The Morning Wire: Keeping you informed on Washington politics, policy, and political economy
Amendment #1197 was adopted Thursday afternoon, a move that would allow proceeds from the Long-term Care services to be invested through the State Investment Board. The amendment aims to improve returns and offer additional benefits, according to Sen. John Braun, who spoke in favor of the amendment.
Another amendment, #1203, would divert funds from the general fund to help airports pay for necessary improvements on airport grounds around the state. The money used for these airport improvements would also allow Washington airports to help qualify for federal funding that require matching contributions.
“What this does is take one percent of the aviation fuel tax, which is currently at a rate of 6.5 percent, down to 5.5,” said Sen. Jim Honeyford (R-15th District). “We’ll leave that in the general fund and put one percent in the aviation account, which would go to airports to improve their payment and other improvements that are necessary for flights out of these airports.”
Senators debated other amendments to the operating budget, including an amendment that would strike $250,000 from the budget allocated for the study of establishing a state bank, something Sen. Mark Schoesler said was in an effort to maximize efficiencies and find better uses for that money. However, the amendment didn’t garner support from everyone, and was voted down 25-22 with one abstaining.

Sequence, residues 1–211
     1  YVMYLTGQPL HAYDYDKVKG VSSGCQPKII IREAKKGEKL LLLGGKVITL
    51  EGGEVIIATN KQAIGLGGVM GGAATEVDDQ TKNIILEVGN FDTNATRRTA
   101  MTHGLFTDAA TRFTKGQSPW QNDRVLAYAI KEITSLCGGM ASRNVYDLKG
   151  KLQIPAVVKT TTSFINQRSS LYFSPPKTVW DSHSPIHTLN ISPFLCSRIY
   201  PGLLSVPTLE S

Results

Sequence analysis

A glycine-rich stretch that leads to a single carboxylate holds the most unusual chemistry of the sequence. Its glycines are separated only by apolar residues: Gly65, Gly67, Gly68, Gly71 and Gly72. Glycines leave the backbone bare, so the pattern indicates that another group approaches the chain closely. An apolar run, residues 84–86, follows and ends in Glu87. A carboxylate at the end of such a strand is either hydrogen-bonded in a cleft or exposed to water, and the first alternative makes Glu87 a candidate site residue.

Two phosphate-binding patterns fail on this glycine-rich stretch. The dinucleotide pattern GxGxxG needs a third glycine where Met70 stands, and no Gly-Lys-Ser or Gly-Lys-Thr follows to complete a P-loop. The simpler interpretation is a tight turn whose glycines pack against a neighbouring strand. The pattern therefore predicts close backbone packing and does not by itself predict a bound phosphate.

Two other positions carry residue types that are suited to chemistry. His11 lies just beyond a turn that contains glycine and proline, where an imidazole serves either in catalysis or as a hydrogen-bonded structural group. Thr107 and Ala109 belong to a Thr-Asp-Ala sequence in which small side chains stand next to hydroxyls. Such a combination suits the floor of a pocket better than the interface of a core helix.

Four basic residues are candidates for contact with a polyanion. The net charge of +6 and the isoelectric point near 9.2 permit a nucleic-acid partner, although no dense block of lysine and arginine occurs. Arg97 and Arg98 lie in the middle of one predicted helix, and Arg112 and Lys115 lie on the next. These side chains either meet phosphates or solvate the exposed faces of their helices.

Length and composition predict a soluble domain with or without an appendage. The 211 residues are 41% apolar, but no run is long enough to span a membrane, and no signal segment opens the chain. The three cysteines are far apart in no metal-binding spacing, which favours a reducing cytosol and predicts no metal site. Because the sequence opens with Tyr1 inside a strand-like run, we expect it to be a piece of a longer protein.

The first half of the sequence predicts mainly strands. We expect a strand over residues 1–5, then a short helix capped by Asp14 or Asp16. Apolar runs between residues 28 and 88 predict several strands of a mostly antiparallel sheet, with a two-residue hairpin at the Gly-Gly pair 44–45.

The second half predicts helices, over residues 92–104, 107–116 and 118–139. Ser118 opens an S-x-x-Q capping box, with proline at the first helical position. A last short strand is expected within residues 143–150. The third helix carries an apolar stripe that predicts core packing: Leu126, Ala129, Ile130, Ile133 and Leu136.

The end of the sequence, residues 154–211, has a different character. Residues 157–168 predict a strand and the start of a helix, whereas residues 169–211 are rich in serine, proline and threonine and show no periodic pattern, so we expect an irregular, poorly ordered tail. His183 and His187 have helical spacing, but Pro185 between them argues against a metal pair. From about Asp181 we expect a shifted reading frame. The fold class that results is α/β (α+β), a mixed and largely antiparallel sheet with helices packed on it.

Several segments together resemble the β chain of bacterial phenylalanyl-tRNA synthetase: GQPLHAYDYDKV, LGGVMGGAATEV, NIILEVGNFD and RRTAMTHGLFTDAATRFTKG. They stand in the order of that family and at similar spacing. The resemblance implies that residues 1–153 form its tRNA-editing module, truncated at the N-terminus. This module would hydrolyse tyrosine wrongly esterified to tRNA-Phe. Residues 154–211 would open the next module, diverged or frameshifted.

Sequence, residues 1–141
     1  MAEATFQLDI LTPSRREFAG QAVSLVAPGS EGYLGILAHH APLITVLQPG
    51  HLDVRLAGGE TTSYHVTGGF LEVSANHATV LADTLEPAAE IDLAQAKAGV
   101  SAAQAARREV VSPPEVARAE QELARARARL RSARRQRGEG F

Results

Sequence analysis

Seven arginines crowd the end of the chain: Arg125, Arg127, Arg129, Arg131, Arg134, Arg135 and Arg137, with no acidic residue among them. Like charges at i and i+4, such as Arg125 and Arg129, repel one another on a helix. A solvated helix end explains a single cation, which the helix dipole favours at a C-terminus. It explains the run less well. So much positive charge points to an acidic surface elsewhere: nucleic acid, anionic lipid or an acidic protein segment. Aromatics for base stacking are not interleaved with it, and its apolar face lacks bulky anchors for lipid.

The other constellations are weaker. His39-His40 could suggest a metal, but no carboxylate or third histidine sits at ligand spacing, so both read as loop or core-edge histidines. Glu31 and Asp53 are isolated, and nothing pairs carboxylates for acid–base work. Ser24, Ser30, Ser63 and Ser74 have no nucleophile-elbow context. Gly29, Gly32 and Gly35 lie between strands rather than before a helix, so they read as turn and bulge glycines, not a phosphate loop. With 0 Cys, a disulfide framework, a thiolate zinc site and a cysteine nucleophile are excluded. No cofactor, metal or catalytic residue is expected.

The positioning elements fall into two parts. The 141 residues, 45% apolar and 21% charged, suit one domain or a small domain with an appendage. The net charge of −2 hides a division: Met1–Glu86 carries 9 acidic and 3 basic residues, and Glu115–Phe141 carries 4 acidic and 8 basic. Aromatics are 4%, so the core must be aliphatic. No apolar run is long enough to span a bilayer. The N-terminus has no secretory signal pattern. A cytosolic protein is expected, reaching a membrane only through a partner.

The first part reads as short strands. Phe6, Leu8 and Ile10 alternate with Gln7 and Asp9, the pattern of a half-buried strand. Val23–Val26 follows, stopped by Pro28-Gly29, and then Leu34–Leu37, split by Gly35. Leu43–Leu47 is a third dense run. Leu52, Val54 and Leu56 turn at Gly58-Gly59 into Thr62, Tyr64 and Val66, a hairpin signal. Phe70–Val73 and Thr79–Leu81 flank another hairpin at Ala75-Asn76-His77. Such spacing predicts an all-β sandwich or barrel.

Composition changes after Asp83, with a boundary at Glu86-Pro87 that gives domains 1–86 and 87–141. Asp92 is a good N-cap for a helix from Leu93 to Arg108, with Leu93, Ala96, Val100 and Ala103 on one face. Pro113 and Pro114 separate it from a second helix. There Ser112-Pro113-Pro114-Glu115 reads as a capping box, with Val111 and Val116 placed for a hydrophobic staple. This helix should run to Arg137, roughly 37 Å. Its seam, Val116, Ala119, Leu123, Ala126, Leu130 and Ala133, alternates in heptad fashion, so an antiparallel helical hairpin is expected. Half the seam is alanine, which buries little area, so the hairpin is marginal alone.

“I appreciate the goal of achieving greater efficiencies, and in fact, that is what the proposal is trying to look at and eventually establish a state bank,” said Sen. Christine Rolfes (D-23rd District), who spoke out in opposition to the amendment. “We send out of the state $1.2 billion annually, mostly to Wall Street and other retirement and interest payments. If we could save just some of that by establishing our own state bank for infrastructure lending, the possibilities are endless.”
Another amendment, #1209, was rejected Thursday afternoon. That amendment would add funding for an assistant director for the Office of Civil Legal Aid, an effort to further support services from that office. Advocates of the amendment thought adding a position to a three-person staff would help to carry out the duties of that office, while opponents said adding a position to that staff was the wrong move.
“I have been engaged with the Office of Civil Legal Aid, and over time, administrative needs of the office have grown,” said Sen. Ann Rivers (R-18th District).